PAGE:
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Alken Enge: Sacred landscape and rituals of violence in the Early Iron Age

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Alken Enge is today the largest known locality in Scandinavia with direct traces of a major violent conflict (AD 2-54) from the time before the great war booty offerings (2nd-5th centuries AD). Over the course of the last century, and most recently in excavations in 2009-14, substantial quantities of scattered human skeletal remains have been found in the now overgrown lake basin, together with finds that include metal and wooden weapons, pottery, stones, worked wood and animal bones. The exceptional preservational conditions, coupled with the results of subsequent investigations, have prompted a number of central questions relating to prehistoric battlefields, the organisation of the warring forces and the aftermath and consequences of these major violent conflicts: Who were the dead warriors? Where did they come from? How should we perceive and understand these forms of ‘ritual violence’ and ‘rituals of violence’ – and their regional and international parallels? In what kinds of places did the offerings become embedded and what kind of landscape and environment emerged in the wake of these major events? The results of the investigations at Alken Enge have been made available successively in international journals and most recently in the book De dræbte krigere i Alken Enge: Efterkrigsritualer i ældre jernalder (The slain warriors at Alken Enge: Early Iron Age post-conflict rituals) (Løvschal et al. 2019a). The present paper is an edited English version of the introduction to the book. It presents an overview of Alken Enge as an archaeological locality, together with a collective interpretation of the site as it is currently understood.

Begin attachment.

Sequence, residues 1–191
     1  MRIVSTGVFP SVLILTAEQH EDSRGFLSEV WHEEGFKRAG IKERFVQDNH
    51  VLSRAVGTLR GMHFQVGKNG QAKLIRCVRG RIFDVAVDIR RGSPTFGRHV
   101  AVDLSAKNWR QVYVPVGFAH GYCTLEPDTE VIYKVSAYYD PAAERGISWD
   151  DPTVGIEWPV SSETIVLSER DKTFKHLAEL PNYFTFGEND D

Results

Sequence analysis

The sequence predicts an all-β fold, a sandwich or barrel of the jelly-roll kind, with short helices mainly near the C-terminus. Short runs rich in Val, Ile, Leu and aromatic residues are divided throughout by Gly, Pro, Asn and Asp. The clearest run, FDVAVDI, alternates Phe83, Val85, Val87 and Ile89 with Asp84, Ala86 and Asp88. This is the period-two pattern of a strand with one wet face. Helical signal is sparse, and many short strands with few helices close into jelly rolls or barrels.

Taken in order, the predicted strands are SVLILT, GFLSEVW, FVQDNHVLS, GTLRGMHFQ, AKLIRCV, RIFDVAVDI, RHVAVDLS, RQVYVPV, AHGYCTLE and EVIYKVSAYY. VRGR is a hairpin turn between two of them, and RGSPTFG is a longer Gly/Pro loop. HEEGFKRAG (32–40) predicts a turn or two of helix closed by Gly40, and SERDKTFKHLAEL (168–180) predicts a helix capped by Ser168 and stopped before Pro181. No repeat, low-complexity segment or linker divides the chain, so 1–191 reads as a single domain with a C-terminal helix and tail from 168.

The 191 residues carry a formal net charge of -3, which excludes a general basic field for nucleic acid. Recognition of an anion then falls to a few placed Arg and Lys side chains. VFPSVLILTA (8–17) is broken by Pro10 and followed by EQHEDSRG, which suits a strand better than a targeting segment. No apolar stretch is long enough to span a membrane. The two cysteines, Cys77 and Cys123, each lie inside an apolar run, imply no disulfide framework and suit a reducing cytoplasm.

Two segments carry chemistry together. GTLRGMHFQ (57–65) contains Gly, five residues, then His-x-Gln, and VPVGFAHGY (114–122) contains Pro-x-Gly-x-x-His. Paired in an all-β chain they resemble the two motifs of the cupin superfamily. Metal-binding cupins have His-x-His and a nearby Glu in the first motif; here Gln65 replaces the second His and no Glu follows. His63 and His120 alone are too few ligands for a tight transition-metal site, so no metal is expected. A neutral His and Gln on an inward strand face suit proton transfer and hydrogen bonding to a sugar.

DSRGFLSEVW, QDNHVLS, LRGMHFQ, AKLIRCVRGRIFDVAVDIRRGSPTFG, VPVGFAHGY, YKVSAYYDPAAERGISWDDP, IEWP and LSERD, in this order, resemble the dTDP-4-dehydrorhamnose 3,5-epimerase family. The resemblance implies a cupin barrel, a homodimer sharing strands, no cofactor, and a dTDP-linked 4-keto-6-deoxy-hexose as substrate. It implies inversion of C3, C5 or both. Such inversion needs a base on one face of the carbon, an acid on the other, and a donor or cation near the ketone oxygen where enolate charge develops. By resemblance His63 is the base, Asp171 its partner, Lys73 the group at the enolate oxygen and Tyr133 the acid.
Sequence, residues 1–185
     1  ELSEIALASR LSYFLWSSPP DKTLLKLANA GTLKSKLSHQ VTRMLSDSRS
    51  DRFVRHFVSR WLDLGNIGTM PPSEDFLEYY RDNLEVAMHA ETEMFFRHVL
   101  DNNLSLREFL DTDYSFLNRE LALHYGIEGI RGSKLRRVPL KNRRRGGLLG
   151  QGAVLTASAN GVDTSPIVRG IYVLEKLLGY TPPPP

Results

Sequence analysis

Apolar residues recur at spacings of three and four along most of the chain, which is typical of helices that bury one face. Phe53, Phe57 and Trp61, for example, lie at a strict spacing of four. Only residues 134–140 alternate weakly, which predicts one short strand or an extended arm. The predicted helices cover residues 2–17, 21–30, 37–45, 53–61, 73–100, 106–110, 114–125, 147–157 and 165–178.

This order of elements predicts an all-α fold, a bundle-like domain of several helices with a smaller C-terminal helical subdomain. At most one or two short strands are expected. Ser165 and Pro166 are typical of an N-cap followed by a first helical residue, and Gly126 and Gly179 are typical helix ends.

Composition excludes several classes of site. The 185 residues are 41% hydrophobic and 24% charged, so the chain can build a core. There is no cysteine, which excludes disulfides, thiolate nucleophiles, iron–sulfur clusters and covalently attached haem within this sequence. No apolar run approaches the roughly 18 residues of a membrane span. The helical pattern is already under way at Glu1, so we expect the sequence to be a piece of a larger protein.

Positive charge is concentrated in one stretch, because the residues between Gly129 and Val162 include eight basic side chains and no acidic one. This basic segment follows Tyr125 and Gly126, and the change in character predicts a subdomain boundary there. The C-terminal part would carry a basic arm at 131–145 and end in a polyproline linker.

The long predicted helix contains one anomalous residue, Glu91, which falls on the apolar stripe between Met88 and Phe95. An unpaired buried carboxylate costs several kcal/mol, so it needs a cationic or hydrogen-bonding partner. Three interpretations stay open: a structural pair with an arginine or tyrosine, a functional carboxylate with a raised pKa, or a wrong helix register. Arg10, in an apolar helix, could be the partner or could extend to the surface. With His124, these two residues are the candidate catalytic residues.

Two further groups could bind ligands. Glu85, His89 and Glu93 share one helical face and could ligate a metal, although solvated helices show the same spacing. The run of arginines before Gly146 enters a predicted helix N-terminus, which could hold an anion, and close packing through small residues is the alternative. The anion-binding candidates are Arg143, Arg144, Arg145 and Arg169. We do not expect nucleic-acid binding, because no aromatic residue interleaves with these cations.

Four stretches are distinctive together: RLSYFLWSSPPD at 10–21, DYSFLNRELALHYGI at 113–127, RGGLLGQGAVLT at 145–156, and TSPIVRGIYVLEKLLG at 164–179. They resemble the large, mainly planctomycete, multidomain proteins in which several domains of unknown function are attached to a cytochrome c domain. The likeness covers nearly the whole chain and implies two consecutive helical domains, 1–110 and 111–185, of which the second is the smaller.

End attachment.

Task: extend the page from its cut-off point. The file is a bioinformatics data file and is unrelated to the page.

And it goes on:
Original languageEnglish
Title of host publicationRitual Violence – Rituals of Violence (Editors: H. Meller, K. W. Alt, F. Bertemes, R. Micó, R. Risch)
Publication statusSubmitted - 2020

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